Gemma's Domestic Abuse Story
Gemma's domestic abuse story is one that could be echoed up and down the country. The clues that the relationship would turn out abusive were there from the beginning, but hope drew Gemma in and shame kept her from leaving even after the situation had turned violent. Here Gemma shares her experiences for other women who might believe it is not really serious abuse.
This domestic abuse story is not going to horrify you. Many, many women have stories that will break your heart and take your breath because of the level of abuse and terror they have suffered.
Thankfully, I left before this was my experience, but I stayed way, way too long. My goal in telling this is reaching the women that domestic violence "does not happen to". I was well-educated, in my early twenties, from an intact, loving family. I was not suffering from poverty; I had several "real" jobs throughout the relationship. I didn't have any children that were suffering abuse with me. I was unable to define my relationship as abusive, but it was. And if you are on this site, reading this story, yours likely is too.
I was in my last semester at a community college when I met him, and about to transfer to a state university. I was teaching preschool part-time, and working at a local coffee house to make ends meet, as well as receiving help from my parents. I'd like to say he completely hid his "true self" from me in the beginning, but I knew. He had been in trouble with the law, all drug related charges, but was working when I met him, and staying sober. I had also gone through a rebellious phase just after high school, and had been in my own trouble because of addiction, although by that time I had been clean and sober for nearly five years, and had completely turned my life around. Even though in my heart I knew that his problems had been far more serious than my own, and were more recent than he let on, I felt like I finally met someone that could understand my history, in a way that "normal" boys could not. I also wanted to "save" him on some level. He came from a horribly dysfunctional family; his dad was long gone, and his mom and sister were active, homeless alcoholic drug addicts.
The physical abuse did not start until later in the relationship. In fact, there were probably about 10 incidents of physical abuse throughout the five years we were together- another reason that I did not believe that I was being abused; I didn't have black eyes or bruises on my neck (usually). But he was incredibly verbally and emotionally abusive. His condescending remarks began immediately. I was stupid and selfish. I was being a bitch. Very quickly, I was walking on eggshells, censoring everything I said, making sure that nothing was going to make him angry. His temper was frightening, but confined to yelling and insulting in the beginning. His behavior became controlling. I couldn't go anywhere without him calling over and over, or knowing exactly where I was. He would criticize my friends, calling them sluts and bitches, and was sure that whenever I was out with them, I was cheating on him. Eventually, it became easier to stop seeing my friends, rather than constantly convince him that I was not out looking for other men. He was financially irresponsible. He had a good job, but always had to have the latest toy- a brand new truck, computer, phone, etc. Most of the time, he couldn't pay his portion of the bills- guess where all of my paychecks went. Finally, he wanted to buy a condo. We couldn't afford it. I begged and pleaded with him not to. He did anyway, but I thankfully refused to go on the mortgage with him. Thankfully, because he eventually went into default and lost the home, but of course, if he hadn't, I would have spent years paying half of the mortgage with nothing to show for it.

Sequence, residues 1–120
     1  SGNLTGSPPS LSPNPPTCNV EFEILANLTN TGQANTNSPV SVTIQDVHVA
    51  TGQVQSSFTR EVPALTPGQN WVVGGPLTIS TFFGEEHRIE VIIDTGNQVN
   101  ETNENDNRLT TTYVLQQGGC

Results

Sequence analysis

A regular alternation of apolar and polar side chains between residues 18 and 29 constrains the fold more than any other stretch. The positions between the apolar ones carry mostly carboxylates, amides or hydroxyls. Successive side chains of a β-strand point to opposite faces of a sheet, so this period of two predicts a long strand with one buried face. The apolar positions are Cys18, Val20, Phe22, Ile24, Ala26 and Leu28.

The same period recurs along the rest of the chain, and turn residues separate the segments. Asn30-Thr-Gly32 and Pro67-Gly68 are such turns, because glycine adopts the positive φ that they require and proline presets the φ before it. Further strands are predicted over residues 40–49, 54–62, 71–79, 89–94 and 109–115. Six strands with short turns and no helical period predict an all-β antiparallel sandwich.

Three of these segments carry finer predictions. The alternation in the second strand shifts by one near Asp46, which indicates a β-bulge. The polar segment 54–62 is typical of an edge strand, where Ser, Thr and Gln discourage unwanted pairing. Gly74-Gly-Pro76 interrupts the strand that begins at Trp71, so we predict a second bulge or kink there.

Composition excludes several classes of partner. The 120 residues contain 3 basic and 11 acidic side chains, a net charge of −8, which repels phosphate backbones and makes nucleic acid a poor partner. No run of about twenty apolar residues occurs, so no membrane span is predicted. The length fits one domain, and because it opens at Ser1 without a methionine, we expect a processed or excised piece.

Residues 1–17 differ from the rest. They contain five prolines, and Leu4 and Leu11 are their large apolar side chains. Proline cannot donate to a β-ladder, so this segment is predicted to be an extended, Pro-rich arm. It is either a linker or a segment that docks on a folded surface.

The condo he could afford was in a shady part of town, and an old drug friend of his lived nearby. Soon, he was using crystal meth again, not going to work and staying out all night. This was the beginning of the end. The physical abuse started with a slap in the face, then progressed to being thrown up against walls, with bruises on my neck and arms. By this time, I had graduated with my BA in sociology and was working full time. I studied people going through domestic violence - I still could not admit it was happening to me. I was miserable and depressed. I would come home from work and go straight to bed. I knew it was going to have to end, but I couldn't figure out how to untangle my life from his. I never considered seeking help - this was not supposed to happen to me. Smart, independent women did not allow this to happen to them. I was ashamed.
This was seven years ago and I still cannot tell my story from start to finish, but I clearly remember moments of insanity that make me shake with anger and fear today. He would threaten to pull the emergency brake up when I was driving; I would make excuses not to be the driver because I was terrified he would actually do this while we were on the freeway. One time, we went out to a bar, after he had started drinking again, with another couple. We were ready to leave and I went outside ahead of the group. A guy that was outside smoking said hello. He overheard this as he came outside and became infuriated. He had been drinking too much to drive, and we were supposed to take a cab home. Instead he threw me into his truck, and drove home, angrily and dangerously. When he slapped me the first time, his mother was downstairs, staying with us (as usual). I overheard him tell her "she said something stupid and I slapped her". His mother laughed. Months later, as we were attempting to "work things out", I told him that I would never forget that she laughed. He said "I can't believe you could say that. I hate you and will hate you forever". He had kept in touch with an old girlfriend that had a child, and he still had a relationship with the little boy. One time, the boy was at our house, and had found some old condoms under the sink in the bathroom, and made a couple of water balloons. Apparently, he had counted the condoms, and before the little boy admitted to his prank, this man came flying at me. Two condoms were missing, so I must be cheating on him. Never mind the fact that I never left the house besides work. After the little boy explained the situation, I asked for an apology (in private of course- no kids around). He refused. I realized there was never going to be an apology. After every horrific instance, he justified what had happened- if I hadn't done this or that, he wouldn't have hit me or yelled at me. But he never apologized. Eventually, I was purposely provoking him whenever he seemed on the verge of getting physical. I thought that if he finally just completely beat me up, I would have the strength to leave.